It’s August, and the heat is on, especially the striped bass fishing at Lake Hartwell. It’s been extraordinarily hot for both quantity and quality fish.
Guide Preston Harden said the normal pattern for the stripers is running late this year, but they are certainly on a strong bite right now.
“Usually by late July and early August, the bulk of the stripers are in the lower end of the lake, suspended in the very deep water,” Harden said. “However, the pattern has been a bit out of whack all spring and summer. The fish are finally moving toward the lower end of the lake, but we’re still catching lots of fish above the I-85 bridge near Portman Mariana and down into the mid-portion of the lake around the Anderson Islands. For me, the good news is as they are slowly moving down the lake they are biting fast and furious.”
Hardin (706-255-5622) said the most productive bait is live herring, but there has been some topwater schooling as well.
“Topwater action is scattered right now but great when it occurs,” he said. “I’m using a Lucky Strike Sammy in a ghost minnow pattern for great results. I recommend anglers have one rigged and ready just in case.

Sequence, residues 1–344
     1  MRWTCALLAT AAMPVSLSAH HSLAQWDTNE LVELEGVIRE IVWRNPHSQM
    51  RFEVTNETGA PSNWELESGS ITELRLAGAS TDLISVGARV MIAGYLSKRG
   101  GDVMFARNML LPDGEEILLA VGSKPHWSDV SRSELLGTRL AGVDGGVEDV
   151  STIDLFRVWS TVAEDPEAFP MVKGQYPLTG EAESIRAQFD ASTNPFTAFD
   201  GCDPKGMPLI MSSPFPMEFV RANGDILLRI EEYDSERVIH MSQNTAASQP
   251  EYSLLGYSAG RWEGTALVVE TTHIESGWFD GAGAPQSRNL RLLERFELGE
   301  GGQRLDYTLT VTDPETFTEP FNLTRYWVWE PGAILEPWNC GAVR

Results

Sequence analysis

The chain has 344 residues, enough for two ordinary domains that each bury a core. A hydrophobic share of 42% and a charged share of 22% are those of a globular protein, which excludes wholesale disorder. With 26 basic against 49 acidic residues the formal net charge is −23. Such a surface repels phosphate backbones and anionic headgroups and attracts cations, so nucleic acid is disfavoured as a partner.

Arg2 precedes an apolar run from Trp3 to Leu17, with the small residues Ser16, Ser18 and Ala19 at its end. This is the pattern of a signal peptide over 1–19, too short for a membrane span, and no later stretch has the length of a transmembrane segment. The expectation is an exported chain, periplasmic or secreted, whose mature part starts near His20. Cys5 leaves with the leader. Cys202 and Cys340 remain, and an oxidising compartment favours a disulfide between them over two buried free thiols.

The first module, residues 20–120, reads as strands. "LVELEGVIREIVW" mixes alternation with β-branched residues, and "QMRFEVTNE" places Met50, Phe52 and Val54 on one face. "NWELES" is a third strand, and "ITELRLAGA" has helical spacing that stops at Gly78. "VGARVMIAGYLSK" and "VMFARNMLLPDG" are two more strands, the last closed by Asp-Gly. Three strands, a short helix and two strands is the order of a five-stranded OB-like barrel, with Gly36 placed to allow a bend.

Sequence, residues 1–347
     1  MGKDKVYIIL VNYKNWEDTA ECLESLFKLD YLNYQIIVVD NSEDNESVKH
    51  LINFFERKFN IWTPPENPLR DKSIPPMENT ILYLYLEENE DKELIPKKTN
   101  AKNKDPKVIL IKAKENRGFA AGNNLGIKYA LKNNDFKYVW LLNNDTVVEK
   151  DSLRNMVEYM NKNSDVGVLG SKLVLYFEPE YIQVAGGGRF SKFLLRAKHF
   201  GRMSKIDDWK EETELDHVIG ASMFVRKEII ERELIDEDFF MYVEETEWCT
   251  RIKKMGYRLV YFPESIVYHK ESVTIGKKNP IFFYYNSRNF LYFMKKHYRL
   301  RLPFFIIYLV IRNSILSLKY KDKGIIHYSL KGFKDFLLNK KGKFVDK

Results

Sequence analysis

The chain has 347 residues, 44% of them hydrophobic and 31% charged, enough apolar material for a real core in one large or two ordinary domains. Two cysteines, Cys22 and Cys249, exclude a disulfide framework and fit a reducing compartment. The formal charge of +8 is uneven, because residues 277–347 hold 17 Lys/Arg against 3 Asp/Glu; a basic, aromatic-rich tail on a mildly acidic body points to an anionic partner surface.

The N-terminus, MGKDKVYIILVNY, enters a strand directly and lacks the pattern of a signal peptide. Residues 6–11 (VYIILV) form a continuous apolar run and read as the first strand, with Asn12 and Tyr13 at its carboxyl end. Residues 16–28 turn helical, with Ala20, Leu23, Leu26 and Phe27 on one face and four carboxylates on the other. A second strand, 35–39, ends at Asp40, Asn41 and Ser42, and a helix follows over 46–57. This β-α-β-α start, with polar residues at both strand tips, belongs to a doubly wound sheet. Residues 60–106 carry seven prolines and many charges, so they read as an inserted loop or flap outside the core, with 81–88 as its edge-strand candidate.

“I’m finding the big schools of stripers and hybrids school in the ditches, channels or on the humps,” he said. “The most productive depths recently have been with fish being marked suspended in the 30- to 50-foot range just above the thermocline in the middle proton of the lake. The bottom will often be 70 feet or deeper. I’ll lower the bait to just above where they are suspended based on the graph. The good thing is that if I mark several fish in an area, once we hook one or two, it seems to attract them all, and we often get into a situation where the graph depicts scads of stripers right under the boat and we’ll hookup on fish as soon as we drop the bait down. Multiple hookups are common.
“When the fish get to the lower end of the lake, the biggest difference is they will be they’ll be found in deeper water but the technique will be the same, they’ll suspend over deep water.”
“The size of the fish will vary, and if we get on a school of small fish, we’ll leave quickly because there are plenty of schools of quality fish that are on a strong bite,” Harden said. “We’ve caught some stripers over 30 pounds in the past couple of weeks and a lot of fish not far from that weight. Plus, we are catching limits of fish in the 6- to 12-pound class, with some huge chunk hybrids as well. Sometimes we’ll get on a big school and fill a cooler as fast as we can get bait down to them.”
Harden said the key will be to keep looking for the fish to move as they head downlake.
“Once the fish pile up in the lower end of the lake, typically the bite will stay strong, and we’ll actually have better odds of catching really big fish,” Harden said. “I can focus on fewer spots that are holding more fish. Right now and for the next few weeks, the action is and should remain sensational for both stripers and big hybrids.”